The British Empire Library

Turn the Hour: Tale of Life in Colonial Kenya

by M.H. Hamilton

Courtesy of OSPA

Review by E.E.S.
Life in the remoter parts of Kenya in the early pioneering days was hard but nonetheless enjoyable.

Following her childhood and teenage years in Kenya where she was born the daughter of a D.C. (later P.C.), the author led a hazardous and physically demanding life, first on a ranch, then on a dairy farm, which would have exhausted the strongest man.

It is difficult to associate the almost fragile looking woman whose photograph appears inside the front cover with someone who has run, not only her own cattle ranch, but that of an absent neighbour, when her husband and her neighboiur joined up in World War II. Along with her African labour force she participated in all the physical work, battling with the elements, the devastation caused by locusts and wild animals, and pursuing African cattle thieves into the bush and outwitting them in the bargain. How many women could claim to be able to oil and tan a skin, build a cattle dip or a simple house, a bridge or cattle yards? But these were the tasks which the woman living on her own during the war years in these remote parts of the Kenya Highlands had to undertake.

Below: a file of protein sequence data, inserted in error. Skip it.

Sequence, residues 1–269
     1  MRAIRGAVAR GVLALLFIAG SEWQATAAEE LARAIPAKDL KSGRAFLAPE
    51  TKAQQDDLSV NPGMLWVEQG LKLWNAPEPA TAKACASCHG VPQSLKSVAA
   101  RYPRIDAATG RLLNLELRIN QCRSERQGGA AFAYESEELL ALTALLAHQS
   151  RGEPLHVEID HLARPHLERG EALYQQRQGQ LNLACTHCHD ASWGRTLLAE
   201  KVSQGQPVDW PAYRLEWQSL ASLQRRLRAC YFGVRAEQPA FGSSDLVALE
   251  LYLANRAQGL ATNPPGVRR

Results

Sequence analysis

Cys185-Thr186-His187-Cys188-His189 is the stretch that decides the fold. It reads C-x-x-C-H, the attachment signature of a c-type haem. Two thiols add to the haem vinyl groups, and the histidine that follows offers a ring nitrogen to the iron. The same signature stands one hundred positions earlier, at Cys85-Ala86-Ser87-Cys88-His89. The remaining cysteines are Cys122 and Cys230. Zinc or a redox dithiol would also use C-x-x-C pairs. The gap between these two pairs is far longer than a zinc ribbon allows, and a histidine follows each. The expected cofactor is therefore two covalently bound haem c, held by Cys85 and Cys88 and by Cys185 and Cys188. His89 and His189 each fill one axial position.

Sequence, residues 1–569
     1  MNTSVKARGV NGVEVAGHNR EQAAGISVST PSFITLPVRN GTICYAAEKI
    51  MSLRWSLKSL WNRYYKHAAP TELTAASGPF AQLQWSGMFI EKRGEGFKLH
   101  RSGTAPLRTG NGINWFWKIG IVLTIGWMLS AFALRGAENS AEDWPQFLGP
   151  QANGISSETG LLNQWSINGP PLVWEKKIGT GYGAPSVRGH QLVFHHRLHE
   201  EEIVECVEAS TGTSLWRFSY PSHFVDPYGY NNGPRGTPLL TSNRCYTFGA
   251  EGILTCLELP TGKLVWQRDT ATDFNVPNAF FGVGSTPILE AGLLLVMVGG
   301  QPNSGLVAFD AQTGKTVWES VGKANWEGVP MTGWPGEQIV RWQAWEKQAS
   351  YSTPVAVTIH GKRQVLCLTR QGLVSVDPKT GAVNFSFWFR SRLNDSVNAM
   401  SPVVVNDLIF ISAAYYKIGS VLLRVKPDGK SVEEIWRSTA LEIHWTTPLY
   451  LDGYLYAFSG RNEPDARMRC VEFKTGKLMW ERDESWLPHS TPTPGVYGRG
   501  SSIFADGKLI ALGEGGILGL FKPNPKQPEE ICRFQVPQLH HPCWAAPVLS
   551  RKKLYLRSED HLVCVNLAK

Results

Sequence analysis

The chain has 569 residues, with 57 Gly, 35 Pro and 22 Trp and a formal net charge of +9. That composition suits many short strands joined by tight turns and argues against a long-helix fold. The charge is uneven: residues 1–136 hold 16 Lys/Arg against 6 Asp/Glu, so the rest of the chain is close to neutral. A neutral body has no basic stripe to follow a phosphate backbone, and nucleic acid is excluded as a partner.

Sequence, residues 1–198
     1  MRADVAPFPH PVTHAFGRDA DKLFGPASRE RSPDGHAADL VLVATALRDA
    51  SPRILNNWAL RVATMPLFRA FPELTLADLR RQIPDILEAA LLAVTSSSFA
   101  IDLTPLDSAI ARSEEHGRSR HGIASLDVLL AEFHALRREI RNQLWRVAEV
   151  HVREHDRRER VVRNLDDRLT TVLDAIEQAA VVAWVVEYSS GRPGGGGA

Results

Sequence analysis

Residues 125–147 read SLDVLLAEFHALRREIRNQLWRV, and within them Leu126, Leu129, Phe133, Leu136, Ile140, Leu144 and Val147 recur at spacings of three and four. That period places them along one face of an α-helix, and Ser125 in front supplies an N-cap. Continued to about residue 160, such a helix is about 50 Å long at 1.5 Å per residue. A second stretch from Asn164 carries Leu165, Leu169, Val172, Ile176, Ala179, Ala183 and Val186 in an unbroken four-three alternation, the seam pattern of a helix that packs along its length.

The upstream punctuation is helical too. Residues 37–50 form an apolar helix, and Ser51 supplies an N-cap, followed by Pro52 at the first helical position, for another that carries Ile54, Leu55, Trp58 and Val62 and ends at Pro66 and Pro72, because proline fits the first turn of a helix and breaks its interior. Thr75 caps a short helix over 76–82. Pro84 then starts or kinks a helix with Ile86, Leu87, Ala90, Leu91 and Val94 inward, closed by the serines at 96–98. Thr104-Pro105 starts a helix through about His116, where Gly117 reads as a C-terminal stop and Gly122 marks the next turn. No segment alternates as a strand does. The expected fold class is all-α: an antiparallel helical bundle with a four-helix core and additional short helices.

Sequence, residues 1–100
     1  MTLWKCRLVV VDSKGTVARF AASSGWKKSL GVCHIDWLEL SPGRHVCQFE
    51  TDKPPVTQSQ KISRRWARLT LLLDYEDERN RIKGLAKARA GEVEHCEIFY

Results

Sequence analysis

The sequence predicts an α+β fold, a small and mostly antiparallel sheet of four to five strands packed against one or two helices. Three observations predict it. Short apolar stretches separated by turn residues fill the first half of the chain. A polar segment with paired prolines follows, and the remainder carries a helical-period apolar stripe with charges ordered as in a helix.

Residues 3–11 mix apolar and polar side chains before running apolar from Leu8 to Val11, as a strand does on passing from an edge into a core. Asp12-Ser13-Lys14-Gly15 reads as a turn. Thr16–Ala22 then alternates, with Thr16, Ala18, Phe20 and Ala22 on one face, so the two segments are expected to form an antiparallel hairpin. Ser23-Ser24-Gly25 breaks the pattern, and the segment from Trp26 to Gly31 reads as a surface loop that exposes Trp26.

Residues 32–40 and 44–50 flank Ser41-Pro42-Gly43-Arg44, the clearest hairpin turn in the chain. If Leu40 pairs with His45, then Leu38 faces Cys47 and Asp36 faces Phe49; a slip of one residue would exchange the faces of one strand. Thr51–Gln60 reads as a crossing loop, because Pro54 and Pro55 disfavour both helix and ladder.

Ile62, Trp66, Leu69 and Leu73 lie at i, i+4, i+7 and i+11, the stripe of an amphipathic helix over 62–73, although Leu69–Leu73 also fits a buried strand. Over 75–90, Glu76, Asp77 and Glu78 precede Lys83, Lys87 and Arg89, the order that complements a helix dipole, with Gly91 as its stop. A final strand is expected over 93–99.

There are some lovely descriptions of Kenya; an amusing account of a sunbird nesting in a copper kettle on the sideboard, and skunks taking up residence in the bathroom.

This is then the story of the hardships - and the joys - of those early days in Africa which a few will still remember with nostalgic pleasure, while others will wonder at the fact that anyone could enjoy a life of hardship such as this. One minor criticism: the presentation of the book would have been improved by more assiduous proof reading.

British Empire Book
M.H. Hamilton
Book Guild Publishing Ltd


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